NBC’s Chuck Todd Rushes to Defend Hillary Clinton: ‘It's Not A Bubble She Chose’

Once again, Chuck Todd, NBC News Political Director, Chief White House Correspondent and host of MSNBC’s The Daily Rundown, did his best to explain away a gaffe by a Democrat, this Hillary Clinton’s claim that they were "dead broke" after leaving the White House.

Appearing on NBC Nightly News on Tuesday, June 24, Todd proclaimed that "Bill Clinton tried to do what he does best today, explain away a thorny political problem. This time, making the case his wife is not out of touch." [See video below.] 

NBC anchor Brian Williams introduced the report hyping how "Bill Clinton jumped to his wife's defense today after comments Hillary has made about their post-White House wealth during her recent book tour. In an interview today with David Gregory, Bill Clinton pushed back on accusations from critics that his wife is somehow out of touch."

As he continued his report, Todd did his best to deflect controversy from the Clinton’s wealth issues:

Even before her husband came to her defense, she tried to explain the difference between her newfound wealth and that of more established rich politicians. Telling the British newspaper, The Guardian, "Because we pay ordinary income tax, unlike a lot of people who are truly well off, not to name names, and we've done it through the dint of hard work."

While the NBC reporter did mention where the majority of the Clinton’s wealth came from, he failed to include any Clinton critics in his report. The NBC reporter also ignored how the Clinton’s have sheltered much of their wealth in their foundation in order to avoid paying the hefty estate tax that they have supported in the past.

Todd concluded by lamenting Hillary Clinton’s so-called burden of being married to a former president:

This issue of being in touch with average Americans is even more complicated for Mrs. Clinton. Consider this, it's been 22 years since she's been able to walk alone outside without Secret Service protection. It's not a bubble she chose. But it only adds to her challenge with connecting with every day Americans.

See relevant transcript below.


NBC

NBC Nightly News

June 24, 2014

BRIAN WILLIAMS: Bill Clinton jumped to his wife's defense today after comments Hillary has made about their post-White House wealth during her recent book tour. In an interview today with David Gregory, Bill Clinton pushed back on accusations from critics that his wife is somehow out of touch. We get our report tonight from our Political Director and Chief White House Correspondent Chuck Todd.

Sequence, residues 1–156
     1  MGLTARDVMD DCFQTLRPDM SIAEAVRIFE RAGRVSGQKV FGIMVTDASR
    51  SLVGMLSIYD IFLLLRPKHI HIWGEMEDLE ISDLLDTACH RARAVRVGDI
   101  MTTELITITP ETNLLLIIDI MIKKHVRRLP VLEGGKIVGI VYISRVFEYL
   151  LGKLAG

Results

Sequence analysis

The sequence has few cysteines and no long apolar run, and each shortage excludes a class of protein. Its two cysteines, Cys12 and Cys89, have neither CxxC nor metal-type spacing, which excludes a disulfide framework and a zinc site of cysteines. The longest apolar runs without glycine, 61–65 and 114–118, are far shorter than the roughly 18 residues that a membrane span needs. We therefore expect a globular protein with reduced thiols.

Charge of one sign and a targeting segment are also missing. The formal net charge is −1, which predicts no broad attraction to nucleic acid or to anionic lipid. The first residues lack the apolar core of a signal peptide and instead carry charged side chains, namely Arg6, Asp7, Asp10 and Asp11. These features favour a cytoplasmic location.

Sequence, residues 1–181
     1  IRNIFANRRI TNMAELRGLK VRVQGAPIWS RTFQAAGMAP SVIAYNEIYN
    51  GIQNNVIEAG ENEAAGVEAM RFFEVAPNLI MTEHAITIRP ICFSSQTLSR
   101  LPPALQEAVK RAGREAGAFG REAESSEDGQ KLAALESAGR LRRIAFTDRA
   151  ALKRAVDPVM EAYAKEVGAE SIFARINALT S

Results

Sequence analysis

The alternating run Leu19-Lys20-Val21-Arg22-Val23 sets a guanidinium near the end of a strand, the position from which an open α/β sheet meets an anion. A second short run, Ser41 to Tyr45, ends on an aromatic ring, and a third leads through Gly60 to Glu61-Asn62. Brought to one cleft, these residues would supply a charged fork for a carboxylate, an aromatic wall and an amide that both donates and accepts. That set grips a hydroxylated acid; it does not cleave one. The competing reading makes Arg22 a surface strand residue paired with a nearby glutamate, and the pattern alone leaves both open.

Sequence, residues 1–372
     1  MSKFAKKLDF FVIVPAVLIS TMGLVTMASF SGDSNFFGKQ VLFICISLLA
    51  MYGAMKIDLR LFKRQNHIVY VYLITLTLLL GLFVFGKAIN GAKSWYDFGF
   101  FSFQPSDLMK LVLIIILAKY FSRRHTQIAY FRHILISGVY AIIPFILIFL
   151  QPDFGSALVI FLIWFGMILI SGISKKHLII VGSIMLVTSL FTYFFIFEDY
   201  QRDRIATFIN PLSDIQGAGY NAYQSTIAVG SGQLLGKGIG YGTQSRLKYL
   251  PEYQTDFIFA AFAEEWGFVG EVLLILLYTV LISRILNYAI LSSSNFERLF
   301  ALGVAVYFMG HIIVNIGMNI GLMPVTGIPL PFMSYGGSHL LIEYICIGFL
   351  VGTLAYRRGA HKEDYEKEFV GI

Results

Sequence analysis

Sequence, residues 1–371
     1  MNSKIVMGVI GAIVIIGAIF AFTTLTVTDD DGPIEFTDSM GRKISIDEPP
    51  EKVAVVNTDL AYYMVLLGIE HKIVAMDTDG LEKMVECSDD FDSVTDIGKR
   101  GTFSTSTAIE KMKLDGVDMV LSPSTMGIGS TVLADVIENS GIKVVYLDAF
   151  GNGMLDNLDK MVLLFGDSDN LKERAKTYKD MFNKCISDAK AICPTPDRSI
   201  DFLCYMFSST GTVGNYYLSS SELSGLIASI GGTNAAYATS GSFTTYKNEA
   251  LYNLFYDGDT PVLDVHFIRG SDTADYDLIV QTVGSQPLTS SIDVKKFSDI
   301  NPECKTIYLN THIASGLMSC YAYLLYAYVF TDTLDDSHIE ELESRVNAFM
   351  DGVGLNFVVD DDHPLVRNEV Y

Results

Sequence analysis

CHUCK TODD: Bill Clinton tried to do what he does best today, explain away a thorny political problem. This time, making the case his wife is not out of touch.

BILL CLINTON: We go to our local grocery store on the weekend. We talk to people in our town, we know what's going on.

TODD: The trouble for Hillary Clinton began when she said this.

HILLARY CLINTON We came out of the White House not only dead broke, but in debt.

BILL: It is factually true that we were several million dollars in debt.

TODD: Today David Gregory asked the former president about the way Hillary Clinton has described their finances.

DAVID GREGORY: Can you understand as a political matter, that that can strike people as being out of touch?

BILL: Yeah, but she's not out of touch, and she advocated and worked as a senator for things that were good for ordinary people. And before that all her life, I remember she was working on trying to -- believing in paid leave for pregnant mothers in the 1970s.

TODD: Even before her husband came to her defense, she tried to explain the difference between her newfound wealth and that of more established rich politicians. Telling the British newspaper, The Guardian, "Because we pay ordinary income tax, unlike a lot of people who are truly well off, not to name names, and we've done it through the dint of hard work." Post presidency most of the Clintons' net worth estimated at over $100 million, has come from three sources. Books. She got $8 million for the first memoir, he got $15 million. The government, a Senate salary close to $170,000 and $200,000 as Secretary of State. And speeches. Industry sources say both command well over six figures per appearance. Of course for Hillary Clinton, this isn't about money, it's about perception.

AMY WALTER: When she gets caught in explaining away how much money she makes, this helps to feed into this perception that she's really just still part of Washington. Part of the establishment.

TODD: You know, Brian, this issue of being in touch with average Americans is even more complicated for Mrs. Clinton. Consider this, it's been 22 years since she's been able to walk alone outside without Secret Service protection. It's not a bubble she chose. But it only adds to her challenge with connecting with every day Americans.

WILLIAMS: Chuck Todd in our D.C. newsroom tonight. Chuck thanks.

Jeffrey Meyer
Jeffrey Meyer
Jeffrey Meyer is a News Analyst at the Media Research Center.